Allen will unload DreamWorks shares

Offering animates DWA

Ending months of nervous speculation on Wall Street, Paul Allen has at last exercised a right to force DreamWorks Animation to sell millions of shares in a so-called secondary offering following the company’s IPO in 2004.

DW Investment, a firm controlled by Allen, said it asked DWA to issue the shares, which belong to him and some other investors, “as soon as is practicable” after the Nov. 3 release of “Flushed Away” — a request that reps a vote of no confidence in the studio’s next toon, which will be released by Paramount.

That’s because, in an odd twist, Allen benefits from selling these particular shares at a low.

The Microsoft co-founder has a $570 million ownership stake in DreamWorks Animation. But he can’t claim it in stock until he sells a portion of it in the secondary offering. If he unloads the minimum required, $220 million, it will leave him with $350 million in shares he can sell anytime at any price.

The lower the price, the more shares Allen gets allocated. For his $350 million, he’d receive 15.2 million shares if they’re trading at $24 — but only 11.6 million shares if they’re trading at, say, $30. So if he thinks the stock is going higher, he wants as many shares allocated to him as possible.

DWA declined to state when it will issue the secondary offering.

“The company and the board have received Paul’s request and will determine the appropriate timing for the offering,” DreamWorks Animation prexy Lew Coleman said in a statement. 

The news — which means something like 13 million-14 million DWA shares will be for sale on the open market — pushed the stock price down 1.86% Wednesday to $23.75. The offering will represent a hefty portion of DreamWorks Animation’s 103 million shares or so outstanding.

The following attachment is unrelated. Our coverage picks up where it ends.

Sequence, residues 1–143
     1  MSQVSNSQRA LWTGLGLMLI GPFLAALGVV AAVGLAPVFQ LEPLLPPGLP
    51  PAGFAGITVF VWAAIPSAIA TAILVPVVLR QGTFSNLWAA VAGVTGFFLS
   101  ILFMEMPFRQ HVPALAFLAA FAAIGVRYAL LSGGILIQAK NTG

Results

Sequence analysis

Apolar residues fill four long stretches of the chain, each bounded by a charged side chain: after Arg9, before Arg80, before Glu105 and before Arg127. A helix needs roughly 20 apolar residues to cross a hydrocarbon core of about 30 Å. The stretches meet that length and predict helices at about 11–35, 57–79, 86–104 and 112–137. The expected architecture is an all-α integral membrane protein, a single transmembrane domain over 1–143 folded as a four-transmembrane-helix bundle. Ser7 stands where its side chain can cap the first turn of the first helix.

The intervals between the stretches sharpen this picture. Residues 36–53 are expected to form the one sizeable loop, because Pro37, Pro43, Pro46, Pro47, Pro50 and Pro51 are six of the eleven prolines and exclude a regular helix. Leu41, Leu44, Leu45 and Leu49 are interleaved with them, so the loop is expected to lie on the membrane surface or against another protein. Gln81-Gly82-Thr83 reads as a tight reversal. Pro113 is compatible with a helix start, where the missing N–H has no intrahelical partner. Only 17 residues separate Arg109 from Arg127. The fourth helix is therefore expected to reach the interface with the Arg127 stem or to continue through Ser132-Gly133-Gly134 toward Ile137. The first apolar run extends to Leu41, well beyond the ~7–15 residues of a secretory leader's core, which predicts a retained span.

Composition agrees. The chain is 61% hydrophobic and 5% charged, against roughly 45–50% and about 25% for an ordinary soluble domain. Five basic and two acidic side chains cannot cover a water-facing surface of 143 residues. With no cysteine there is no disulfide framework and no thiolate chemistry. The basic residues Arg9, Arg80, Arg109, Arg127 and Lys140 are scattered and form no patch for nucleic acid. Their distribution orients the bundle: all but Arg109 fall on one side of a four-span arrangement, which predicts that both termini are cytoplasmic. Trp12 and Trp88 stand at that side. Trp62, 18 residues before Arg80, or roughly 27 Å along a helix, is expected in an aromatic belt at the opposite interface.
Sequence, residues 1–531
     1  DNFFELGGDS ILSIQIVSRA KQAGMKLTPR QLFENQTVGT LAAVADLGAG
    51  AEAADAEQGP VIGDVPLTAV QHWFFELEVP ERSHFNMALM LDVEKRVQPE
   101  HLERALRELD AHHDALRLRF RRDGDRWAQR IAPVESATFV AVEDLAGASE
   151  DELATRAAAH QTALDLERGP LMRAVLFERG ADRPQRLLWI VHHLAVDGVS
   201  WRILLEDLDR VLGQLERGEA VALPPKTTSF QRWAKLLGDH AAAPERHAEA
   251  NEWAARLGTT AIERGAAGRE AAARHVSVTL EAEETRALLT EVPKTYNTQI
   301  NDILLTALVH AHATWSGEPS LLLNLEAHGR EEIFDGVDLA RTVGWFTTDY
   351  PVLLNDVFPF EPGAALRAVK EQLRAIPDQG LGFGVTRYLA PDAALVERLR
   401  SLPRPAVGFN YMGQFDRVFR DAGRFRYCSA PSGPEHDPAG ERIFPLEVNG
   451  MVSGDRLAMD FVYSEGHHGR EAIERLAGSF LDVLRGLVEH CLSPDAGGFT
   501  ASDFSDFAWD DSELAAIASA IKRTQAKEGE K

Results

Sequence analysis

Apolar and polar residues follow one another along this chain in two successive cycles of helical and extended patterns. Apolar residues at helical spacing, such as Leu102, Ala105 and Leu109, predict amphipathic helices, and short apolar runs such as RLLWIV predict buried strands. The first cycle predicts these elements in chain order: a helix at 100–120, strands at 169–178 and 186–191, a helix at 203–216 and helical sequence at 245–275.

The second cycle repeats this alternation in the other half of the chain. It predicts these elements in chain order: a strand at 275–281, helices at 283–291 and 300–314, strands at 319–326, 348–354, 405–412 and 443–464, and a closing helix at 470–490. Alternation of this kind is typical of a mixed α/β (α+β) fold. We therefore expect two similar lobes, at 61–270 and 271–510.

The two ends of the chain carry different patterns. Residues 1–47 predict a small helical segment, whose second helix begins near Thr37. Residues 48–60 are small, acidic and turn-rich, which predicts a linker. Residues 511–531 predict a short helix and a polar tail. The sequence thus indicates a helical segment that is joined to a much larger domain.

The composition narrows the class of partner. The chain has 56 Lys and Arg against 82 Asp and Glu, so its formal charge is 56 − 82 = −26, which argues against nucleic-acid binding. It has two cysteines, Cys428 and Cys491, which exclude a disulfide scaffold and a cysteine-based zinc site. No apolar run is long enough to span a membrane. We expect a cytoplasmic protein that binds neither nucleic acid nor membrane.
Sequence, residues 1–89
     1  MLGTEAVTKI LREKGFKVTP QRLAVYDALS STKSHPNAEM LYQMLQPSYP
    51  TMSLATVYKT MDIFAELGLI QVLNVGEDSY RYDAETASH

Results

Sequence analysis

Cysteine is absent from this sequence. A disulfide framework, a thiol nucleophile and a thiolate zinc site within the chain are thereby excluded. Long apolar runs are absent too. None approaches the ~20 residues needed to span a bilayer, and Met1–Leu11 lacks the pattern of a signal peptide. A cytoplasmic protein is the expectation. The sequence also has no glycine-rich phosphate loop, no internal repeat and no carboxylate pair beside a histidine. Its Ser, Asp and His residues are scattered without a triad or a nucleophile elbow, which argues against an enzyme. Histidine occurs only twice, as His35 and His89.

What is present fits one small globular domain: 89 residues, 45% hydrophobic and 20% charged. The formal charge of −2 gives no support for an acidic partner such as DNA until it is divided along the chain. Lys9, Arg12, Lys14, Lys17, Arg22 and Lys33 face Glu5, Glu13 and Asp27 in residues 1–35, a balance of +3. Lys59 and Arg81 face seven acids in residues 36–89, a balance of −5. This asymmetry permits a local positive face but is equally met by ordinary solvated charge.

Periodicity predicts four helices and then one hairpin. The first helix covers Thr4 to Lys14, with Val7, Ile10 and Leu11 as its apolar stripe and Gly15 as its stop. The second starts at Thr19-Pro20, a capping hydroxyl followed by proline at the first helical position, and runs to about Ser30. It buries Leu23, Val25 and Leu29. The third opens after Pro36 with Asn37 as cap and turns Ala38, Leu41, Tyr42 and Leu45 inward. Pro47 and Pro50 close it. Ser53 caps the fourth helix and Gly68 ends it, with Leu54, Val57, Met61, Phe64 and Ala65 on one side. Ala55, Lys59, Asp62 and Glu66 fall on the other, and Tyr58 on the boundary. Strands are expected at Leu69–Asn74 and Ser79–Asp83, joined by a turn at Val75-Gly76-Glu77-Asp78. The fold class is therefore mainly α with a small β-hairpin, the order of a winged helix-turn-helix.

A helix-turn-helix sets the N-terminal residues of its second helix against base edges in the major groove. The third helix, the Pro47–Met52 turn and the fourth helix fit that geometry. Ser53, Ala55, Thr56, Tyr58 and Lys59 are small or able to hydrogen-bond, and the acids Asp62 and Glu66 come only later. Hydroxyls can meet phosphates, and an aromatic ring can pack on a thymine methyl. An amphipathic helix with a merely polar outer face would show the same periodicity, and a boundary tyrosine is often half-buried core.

But some Wall Streeters are immensely relieved to have clarity on the secondary. The prospect of it has been looming over the stock, and investors hadn’t been able to pin the company down on when it might be.

The sale also dissolves a temporary company called HoldCo, which housed the stakes of Allen and others — including co-founders Stephen Spielberg, David Geffen and Jeffrey Katzenberg — in a complex agreement related to the IPO.

That will give DreamWorks “a cleaner and more transparent corporate structure,” Bank of America analyst Michael Savner said.

“It also aligns the interest of DreamWorks’ largest shareholder with public shareholders,” he added.

“We believe that the resolution of Hold Co. will be a positive for the company and its shareholders,” Coleman said of the move.

Allen will remain the company’s biggest stakeholder even after the secondary offering.

(Ben Fritz in Hollywood contributed to this report.)

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